The brown recluse is a fascinating spider very well adapted to dwelling in houses and other buildings. Because of this very quality and the ghastly reputation associated with the medical consequences of its bite, it has become infamous throughout North America. Although recluse spiders can cause serious skin injuries and, in very rare cases, death, the danger posed by this spider is often exaggerated as a result of arachnophobia and the misdiagnosis of non-spider-related conditions as brown recluse bites. These misdiagnoses often occur in areas of North America where the spider does not exist, making legitimate bites improbable. One of the greatest factors that keeps the myths alive is misidentification of common (and harmless) spiders as brown recluses. With this book, Richard S. Vetter hopes to educate readers regarding the biology of the spider and medical aspects of its bites, to reduce the incidence of misdiagnoses, and to quell misplaced anxiety.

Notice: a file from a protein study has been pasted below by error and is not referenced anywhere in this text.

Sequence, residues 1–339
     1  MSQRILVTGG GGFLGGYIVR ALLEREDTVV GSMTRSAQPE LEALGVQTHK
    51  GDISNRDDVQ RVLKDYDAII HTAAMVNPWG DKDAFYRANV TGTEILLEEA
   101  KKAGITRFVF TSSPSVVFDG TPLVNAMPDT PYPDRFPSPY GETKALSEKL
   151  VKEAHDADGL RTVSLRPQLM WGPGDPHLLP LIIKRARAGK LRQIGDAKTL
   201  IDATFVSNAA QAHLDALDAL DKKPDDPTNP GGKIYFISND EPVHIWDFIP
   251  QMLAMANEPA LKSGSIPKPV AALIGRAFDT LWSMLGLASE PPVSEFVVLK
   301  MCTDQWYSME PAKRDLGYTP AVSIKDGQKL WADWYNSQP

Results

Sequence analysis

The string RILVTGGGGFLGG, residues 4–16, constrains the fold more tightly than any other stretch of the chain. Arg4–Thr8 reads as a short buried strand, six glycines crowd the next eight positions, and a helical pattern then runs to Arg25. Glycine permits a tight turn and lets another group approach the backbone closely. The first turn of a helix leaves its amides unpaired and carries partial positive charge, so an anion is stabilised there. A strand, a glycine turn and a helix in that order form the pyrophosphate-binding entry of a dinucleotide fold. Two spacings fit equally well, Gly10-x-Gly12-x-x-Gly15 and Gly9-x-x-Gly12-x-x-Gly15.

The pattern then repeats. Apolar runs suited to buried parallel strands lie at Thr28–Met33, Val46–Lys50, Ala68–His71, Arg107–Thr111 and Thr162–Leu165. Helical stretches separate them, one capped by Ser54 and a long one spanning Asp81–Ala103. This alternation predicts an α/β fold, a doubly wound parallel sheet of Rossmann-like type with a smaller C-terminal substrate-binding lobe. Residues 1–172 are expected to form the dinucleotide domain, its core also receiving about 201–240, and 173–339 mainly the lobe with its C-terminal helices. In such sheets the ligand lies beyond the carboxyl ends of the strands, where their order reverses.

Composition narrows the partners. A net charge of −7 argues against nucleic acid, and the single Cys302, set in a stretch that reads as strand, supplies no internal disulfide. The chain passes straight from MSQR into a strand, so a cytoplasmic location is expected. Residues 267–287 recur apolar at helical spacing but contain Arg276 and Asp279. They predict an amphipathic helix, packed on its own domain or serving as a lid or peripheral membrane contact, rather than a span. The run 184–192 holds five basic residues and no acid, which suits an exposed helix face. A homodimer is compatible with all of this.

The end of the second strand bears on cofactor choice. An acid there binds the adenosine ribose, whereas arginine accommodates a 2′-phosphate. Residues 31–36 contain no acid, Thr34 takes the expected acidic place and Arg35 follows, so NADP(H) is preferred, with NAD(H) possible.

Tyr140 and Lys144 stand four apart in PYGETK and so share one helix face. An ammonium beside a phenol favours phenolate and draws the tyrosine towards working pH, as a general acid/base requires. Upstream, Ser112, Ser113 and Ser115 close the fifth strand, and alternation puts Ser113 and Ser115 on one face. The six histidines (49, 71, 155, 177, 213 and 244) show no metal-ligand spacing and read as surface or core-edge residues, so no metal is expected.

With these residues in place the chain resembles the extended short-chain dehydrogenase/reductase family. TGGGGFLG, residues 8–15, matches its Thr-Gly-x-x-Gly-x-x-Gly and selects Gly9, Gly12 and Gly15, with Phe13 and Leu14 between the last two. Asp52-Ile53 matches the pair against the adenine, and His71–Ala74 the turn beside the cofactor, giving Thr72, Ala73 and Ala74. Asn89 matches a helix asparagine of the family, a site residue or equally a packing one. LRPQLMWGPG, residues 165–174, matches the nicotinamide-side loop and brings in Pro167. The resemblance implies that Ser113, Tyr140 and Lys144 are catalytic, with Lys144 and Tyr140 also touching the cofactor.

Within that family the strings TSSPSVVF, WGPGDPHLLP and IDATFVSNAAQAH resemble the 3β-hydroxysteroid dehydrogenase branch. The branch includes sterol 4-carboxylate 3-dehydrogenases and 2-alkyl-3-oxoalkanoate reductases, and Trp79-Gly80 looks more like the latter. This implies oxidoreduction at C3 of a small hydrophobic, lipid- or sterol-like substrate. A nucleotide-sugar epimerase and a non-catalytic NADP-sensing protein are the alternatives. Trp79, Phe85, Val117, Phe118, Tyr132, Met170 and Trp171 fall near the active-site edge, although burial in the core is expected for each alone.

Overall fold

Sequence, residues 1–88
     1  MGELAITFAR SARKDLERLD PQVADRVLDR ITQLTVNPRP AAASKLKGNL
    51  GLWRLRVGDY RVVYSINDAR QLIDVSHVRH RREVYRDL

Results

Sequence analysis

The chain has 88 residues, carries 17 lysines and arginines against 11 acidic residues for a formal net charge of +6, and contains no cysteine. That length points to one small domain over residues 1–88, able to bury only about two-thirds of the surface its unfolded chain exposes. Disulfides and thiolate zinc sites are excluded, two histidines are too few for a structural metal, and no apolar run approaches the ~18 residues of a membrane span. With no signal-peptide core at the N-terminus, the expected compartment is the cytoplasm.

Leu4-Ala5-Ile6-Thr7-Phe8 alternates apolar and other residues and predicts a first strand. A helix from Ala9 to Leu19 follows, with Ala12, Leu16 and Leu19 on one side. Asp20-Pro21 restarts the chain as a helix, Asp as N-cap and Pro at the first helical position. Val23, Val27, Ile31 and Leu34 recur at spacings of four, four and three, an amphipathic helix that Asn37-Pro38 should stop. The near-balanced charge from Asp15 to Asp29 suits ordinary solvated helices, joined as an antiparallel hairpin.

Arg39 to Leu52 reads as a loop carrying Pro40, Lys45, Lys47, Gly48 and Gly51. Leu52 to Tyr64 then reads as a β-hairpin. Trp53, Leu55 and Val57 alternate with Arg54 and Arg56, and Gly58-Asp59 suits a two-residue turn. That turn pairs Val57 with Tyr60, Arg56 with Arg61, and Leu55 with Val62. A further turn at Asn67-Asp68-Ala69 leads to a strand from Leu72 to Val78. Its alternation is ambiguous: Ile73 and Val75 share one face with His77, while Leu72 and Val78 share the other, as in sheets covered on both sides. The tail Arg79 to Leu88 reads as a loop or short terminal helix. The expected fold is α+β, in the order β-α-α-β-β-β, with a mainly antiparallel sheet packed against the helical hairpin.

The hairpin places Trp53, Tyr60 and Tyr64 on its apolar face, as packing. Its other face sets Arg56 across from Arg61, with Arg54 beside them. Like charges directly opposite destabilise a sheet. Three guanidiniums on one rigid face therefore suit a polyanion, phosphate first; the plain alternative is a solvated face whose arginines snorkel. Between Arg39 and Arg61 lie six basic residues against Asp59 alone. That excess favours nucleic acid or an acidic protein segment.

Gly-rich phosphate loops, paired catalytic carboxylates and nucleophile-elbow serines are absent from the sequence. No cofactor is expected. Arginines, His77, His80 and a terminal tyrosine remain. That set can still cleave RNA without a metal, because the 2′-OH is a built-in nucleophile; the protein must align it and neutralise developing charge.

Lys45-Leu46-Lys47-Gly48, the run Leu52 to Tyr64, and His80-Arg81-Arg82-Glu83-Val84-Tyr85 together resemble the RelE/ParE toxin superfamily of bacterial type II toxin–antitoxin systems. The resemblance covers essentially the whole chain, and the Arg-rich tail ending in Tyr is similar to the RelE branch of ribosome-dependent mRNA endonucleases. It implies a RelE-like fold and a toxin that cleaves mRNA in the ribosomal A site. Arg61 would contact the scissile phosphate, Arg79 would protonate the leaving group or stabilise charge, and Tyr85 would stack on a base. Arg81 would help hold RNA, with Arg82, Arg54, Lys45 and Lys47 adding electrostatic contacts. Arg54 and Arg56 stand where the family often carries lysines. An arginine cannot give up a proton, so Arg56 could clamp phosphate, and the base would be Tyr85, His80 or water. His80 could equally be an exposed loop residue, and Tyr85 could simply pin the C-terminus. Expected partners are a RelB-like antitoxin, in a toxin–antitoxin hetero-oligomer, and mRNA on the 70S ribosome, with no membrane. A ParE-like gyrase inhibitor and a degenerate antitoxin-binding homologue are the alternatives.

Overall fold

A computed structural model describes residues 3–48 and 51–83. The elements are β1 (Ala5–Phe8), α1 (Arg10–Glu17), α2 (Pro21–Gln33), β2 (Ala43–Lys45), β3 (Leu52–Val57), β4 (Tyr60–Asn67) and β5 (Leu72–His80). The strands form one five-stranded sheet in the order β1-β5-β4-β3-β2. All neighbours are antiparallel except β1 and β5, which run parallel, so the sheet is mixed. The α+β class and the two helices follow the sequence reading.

In The Brown Recluse Spider, Vetter covers topics such as taxonomy, identification, misidentification, life history characteristics and biology, medical aspects of envenomations, medical conditions misdiagnosed as brown recluse bites, other spider species of medical consideration (several of which have been wrongly implicated as threats to human health), and the psychology behind the entrenched reasons why people believe so deeply in the presence of the spider in the face of strong, contradictory information. Vetter also makes recommendations for control of the spider for households in areas where the spiders are found and describes other species of recluse spiders in North America. Although The Brown Recluse Spider was written for a general audience, it is also a valuable source of information for arachnologists and medical personnel.